Advances in the science and application of animal training


Goodwin, Debbie and Wickens, Stephen (2004) Advances in the science and application of animal training, vol. 18, International Society for Anthrozoology (ISAZ), 38pp.

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Description/Abstract

Training has long been recognised as an important component in the successful adaptation of companion animals, their inclusion in sporting events and other recreational activities. An extensive folk literature exists relating to the training of these animals. Knowledge and practice based upon scientific principles, such as classical conditioning and instrumental learning may also be employed. Less recognised is the contribution relevant training can have on the management and husbandry of other animals eg. on farms, in zoos and the laboratory. This meeting aims to discuss recent developments in learning theory and related fields, in the methodologies and techniques of training. It will also consider the application of these for practical training of animals. It seeks to bring together veterinarians, animal scientists, ethologists, psychologists, animal trainers and others who work with animals to share knowledge and good practice. It hopes to encourage a wider consideration of the ways training can be used to improve the husbandry, management and welfare of animals. ISAZ 2004 is a satellite meeting to the 2004 world conference of the International Association of Human-Animal Interaction Organisations and we are grateful to IAHAIO for their support of the meeting. We are also grateful for the kind support of the Universities Federation for Animal Welfare in the organisation of the meeting and their help in compiling the programme and preparation of the abstract booklets. We must extend special thanks to Dr Penny Bernstein, Dr James Kirkwood and Dr Debbie Wells for helping to review the abstracts and finally to Neil Smith (Conference Point International) for all his help with registration and accommodation. We see this meeting as an excellent opportunity for the supporting organisations to present themselves to a broad and international audience and foster useful links with professional researchers, trainers and students interested in applying science to advance both our knowledge and understanding of human-animal interactions and animal welfare.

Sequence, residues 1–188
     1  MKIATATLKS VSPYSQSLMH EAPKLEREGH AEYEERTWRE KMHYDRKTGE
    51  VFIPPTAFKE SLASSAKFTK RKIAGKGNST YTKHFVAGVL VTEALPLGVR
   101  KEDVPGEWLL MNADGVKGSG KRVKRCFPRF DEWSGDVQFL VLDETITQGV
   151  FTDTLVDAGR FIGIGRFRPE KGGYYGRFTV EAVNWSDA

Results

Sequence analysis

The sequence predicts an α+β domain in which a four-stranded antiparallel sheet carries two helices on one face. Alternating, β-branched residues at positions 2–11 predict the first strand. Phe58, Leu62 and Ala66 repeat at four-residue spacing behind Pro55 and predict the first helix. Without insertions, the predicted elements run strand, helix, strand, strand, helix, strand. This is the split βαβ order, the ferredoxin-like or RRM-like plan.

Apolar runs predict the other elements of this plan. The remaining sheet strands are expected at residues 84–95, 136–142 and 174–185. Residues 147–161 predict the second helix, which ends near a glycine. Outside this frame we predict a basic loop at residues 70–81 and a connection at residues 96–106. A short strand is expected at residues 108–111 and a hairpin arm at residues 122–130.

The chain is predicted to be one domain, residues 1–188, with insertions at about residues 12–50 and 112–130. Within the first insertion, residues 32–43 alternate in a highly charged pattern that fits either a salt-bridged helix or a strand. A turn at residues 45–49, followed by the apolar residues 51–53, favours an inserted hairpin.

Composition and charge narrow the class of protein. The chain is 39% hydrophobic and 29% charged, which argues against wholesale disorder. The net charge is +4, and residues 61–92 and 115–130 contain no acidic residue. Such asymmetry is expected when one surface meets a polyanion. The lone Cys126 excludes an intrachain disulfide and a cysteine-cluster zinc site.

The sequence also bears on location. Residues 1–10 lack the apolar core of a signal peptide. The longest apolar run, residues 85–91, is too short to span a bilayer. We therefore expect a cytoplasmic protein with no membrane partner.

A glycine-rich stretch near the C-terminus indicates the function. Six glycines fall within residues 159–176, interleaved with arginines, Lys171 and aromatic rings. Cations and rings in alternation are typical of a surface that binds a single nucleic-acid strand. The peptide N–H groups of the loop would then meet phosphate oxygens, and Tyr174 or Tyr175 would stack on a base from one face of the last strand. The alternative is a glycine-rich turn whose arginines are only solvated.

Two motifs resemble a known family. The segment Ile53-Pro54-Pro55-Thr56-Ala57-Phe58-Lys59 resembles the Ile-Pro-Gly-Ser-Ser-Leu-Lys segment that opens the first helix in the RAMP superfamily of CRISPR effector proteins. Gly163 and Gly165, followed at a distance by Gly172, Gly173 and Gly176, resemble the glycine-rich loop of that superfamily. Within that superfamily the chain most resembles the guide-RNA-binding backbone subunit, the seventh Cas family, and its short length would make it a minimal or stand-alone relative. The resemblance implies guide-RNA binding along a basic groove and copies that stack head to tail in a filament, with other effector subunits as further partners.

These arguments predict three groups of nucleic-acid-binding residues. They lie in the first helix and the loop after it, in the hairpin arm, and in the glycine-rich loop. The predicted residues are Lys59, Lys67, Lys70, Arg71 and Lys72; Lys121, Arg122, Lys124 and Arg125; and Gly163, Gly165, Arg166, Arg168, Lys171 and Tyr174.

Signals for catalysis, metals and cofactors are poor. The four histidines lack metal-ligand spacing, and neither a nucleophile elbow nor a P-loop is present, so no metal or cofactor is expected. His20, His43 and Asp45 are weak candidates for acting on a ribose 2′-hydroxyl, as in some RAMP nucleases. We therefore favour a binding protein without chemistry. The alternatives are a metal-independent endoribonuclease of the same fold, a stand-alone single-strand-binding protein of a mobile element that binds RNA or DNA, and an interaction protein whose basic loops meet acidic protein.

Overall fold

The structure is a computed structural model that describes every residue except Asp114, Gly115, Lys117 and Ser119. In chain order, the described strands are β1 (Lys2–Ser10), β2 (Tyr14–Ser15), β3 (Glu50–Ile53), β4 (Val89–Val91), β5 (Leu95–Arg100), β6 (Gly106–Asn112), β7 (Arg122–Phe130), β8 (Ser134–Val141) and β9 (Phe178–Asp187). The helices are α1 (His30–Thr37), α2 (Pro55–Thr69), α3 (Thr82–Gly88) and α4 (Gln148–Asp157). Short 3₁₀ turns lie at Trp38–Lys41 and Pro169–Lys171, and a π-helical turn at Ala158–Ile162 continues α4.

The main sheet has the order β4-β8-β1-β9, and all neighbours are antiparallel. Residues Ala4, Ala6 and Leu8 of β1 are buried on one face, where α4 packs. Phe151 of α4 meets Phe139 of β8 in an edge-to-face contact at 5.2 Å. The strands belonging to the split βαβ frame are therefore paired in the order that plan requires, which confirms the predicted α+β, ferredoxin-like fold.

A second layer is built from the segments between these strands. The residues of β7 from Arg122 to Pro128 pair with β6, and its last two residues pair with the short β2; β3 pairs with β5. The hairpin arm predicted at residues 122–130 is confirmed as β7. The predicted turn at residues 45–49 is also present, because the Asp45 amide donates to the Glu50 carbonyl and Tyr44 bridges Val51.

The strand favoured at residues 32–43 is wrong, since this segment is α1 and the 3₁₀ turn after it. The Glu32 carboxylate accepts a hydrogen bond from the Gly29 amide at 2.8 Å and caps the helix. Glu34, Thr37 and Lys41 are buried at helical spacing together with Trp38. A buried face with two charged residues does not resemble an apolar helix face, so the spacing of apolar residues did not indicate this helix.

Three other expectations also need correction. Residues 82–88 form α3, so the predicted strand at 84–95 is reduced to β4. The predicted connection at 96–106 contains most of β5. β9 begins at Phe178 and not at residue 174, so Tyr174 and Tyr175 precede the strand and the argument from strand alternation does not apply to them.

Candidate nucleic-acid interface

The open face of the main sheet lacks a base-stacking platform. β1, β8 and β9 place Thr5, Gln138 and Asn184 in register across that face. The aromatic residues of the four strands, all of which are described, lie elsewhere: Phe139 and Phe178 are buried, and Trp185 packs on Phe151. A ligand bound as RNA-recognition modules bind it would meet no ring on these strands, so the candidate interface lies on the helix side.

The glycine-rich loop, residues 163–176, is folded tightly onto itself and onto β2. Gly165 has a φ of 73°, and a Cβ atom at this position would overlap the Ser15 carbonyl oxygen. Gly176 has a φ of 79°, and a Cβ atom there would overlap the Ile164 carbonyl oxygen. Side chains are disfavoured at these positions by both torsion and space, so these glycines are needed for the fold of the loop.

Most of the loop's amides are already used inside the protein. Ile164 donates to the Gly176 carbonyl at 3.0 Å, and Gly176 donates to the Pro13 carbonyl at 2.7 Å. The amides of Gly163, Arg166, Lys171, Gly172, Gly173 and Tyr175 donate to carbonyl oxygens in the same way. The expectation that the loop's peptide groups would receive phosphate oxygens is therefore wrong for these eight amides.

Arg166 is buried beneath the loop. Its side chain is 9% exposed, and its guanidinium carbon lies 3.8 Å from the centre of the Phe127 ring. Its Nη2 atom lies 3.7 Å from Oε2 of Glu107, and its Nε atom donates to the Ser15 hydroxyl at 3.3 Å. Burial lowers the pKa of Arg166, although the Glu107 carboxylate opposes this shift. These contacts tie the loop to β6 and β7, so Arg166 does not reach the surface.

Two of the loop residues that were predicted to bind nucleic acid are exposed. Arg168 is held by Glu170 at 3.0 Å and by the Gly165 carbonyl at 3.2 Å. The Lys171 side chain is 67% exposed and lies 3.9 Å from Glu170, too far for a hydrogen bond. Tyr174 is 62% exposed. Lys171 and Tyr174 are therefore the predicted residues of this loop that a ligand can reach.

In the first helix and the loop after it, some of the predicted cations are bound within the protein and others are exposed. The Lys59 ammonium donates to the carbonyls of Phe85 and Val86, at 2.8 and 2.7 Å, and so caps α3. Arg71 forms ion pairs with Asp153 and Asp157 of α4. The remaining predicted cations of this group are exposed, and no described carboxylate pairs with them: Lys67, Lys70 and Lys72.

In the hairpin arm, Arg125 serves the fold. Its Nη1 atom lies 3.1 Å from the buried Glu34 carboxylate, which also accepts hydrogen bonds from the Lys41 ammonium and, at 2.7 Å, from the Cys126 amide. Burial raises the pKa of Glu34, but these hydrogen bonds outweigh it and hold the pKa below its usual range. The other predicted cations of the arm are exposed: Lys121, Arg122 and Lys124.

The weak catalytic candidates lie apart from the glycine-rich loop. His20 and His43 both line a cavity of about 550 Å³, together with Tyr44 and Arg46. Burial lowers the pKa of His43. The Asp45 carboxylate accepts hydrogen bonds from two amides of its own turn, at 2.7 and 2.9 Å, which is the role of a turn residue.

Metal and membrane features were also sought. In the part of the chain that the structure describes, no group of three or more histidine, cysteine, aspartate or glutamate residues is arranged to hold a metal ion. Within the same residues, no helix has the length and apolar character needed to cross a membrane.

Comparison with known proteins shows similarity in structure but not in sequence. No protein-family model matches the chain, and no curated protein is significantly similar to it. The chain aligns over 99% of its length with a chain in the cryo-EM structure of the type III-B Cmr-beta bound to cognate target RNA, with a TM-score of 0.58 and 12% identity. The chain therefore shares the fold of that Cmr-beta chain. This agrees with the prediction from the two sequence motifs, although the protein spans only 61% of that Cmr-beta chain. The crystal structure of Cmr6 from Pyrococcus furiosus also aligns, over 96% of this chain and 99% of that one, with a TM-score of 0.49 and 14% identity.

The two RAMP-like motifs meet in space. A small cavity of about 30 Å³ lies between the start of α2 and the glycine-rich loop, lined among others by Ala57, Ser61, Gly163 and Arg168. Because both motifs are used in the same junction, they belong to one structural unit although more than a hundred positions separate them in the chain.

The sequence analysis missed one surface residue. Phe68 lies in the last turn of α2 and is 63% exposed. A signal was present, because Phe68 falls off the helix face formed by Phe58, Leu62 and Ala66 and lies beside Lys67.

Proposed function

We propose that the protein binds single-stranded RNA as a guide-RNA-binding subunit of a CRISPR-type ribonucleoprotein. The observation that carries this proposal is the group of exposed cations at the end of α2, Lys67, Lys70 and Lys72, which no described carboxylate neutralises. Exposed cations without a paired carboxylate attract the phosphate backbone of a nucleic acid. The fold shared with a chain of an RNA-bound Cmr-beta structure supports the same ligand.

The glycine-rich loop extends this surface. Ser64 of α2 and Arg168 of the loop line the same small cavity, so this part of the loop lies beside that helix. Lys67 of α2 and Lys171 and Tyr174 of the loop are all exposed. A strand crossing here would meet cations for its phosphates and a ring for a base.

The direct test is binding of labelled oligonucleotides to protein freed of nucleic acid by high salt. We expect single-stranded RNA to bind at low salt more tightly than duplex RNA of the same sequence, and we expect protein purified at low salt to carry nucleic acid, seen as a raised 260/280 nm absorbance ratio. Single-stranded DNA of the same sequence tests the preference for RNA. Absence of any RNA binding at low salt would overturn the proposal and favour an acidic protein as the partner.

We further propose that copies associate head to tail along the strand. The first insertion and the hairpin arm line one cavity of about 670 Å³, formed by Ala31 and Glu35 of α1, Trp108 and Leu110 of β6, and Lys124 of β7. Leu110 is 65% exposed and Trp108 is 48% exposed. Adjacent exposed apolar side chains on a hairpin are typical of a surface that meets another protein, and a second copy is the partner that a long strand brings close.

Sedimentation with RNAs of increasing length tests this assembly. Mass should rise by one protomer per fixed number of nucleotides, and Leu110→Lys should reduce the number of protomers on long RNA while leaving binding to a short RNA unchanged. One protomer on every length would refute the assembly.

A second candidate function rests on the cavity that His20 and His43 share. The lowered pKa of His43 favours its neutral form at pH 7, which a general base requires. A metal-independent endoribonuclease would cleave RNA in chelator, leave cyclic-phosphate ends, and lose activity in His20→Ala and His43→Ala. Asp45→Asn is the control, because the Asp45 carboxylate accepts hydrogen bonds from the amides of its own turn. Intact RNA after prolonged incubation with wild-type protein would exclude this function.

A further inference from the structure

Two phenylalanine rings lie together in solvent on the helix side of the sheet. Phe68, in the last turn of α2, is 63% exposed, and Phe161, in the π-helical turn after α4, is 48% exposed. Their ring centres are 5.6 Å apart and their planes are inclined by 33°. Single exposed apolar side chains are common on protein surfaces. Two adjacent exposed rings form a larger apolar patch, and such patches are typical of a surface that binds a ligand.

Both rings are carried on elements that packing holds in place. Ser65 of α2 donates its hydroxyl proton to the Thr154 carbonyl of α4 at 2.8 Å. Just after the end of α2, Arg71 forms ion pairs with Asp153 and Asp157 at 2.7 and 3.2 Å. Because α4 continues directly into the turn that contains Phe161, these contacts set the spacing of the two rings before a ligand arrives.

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ePrint ID: 56668
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Date Event
6 October 2004Published
Date Deposited: 02 Jun 2009
Last Modified: 16 Apr 2017 17:41
Further Information:Google Scholar
URI: http://eprints.soton.ac.uk/id/eprint/56668

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